Strange as it may seem, corks have not always been a permanent fixture in the wine world. As late as the mid-1600s, French vignerons stuffed oil-soaked rags into the necks of their bottles instead.
Cork material is an impermeable, buoyant material that is a prime-subset of the generic cork tissue that is harvested for commercial use primarily from the cork oak, Quercus suber
. Portugal is the largest producer worldwide, making up 50% of production.
The appeal of cork material lies in its cellular structure; it’s easily compressed upon insertion into a bottle neck, and will then subsequently expand to form a tight seal. Given that the diameter of the neck of glass bottles tends to be
inconsistent, this variable contraction and expansion is highly prized.
These days they’re as ubiquitous as the wines they preserve, but it’s still worthwhile to explore the methods and varieties employed.
Your conventional cork comprises of a single piece of bark of about 24mm in diameter. This is 6mm wider than the neck of the average wine bottle, thus ensuring a tight fit.
The cheaper alternative is the agglomerate cork, produced from tiny pieces of chopped cork, bound together by glue. This is a money-saving move – it makes use of otherwise
useless wasted pieces of oak bark. They’re also considerably shorter, allowing for mass production.
The distinctive mushroom cork will be familiar to any Champagne drinker. It is made from three pieces of cork sandwiched together securely. The mushroom shaped head facilitates a good grip when easing the cork out.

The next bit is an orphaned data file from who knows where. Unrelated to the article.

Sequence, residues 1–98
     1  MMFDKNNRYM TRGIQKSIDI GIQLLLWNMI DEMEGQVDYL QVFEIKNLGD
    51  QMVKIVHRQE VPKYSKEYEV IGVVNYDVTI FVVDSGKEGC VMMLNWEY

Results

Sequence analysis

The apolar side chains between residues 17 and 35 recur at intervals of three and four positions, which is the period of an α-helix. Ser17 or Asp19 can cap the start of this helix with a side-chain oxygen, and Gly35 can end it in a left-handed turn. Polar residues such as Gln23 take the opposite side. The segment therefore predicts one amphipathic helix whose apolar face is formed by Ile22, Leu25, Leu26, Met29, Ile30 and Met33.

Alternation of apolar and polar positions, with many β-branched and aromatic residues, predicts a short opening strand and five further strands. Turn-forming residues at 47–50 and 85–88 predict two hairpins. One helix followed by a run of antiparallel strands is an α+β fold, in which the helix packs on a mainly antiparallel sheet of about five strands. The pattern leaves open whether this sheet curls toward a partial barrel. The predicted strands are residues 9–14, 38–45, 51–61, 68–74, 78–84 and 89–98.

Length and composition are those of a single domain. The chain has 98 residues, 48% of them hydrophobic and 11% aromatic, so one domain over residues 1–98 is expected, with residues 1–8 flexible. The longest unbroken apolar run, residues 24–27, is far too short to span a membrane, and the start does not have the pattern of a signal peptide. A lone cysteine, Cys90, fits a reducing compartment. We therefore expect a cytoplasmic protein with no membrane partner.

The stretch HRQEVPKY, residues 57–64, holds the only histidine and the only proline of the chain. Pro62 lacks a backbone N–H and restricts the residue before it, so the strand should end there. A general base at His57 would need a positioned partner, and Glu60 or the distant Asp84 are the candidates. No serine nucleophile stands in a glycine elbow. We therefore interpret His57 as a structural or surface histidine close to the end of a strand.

Natural cork material has two main drawbacks
: This results in the ‘corked’ flavours that blight wine, producing aromas and flavours reminiscent of soggy cardboard. The use of different pieces of bark to produce agglomerate corks also theoretically increases the risk of fungal contamination.
: The glue used to bond the tiny pieces of cork together to form agglomerate corks have a major
disadvantage, in that they impart a glue-like aroma or taste.
To avoid the above, some producers adopt different approaches:
A cork made of synthetic material. These remove the risk of cork taint entirely.
The screwcap – perhaps the most efficient method of sealing a bottle. This has become widespread across Australia, though some still feel this method is reserved only for cheaper brands.
With both of the above, the biggest concern is that it may affect the ageing of wine. Whilst the matter is not yet concluded, it would seem that screw capped wines age at the same rate as those under the very best corks. Those under an average cork will give the illusion of ageing, but much of this is premature development.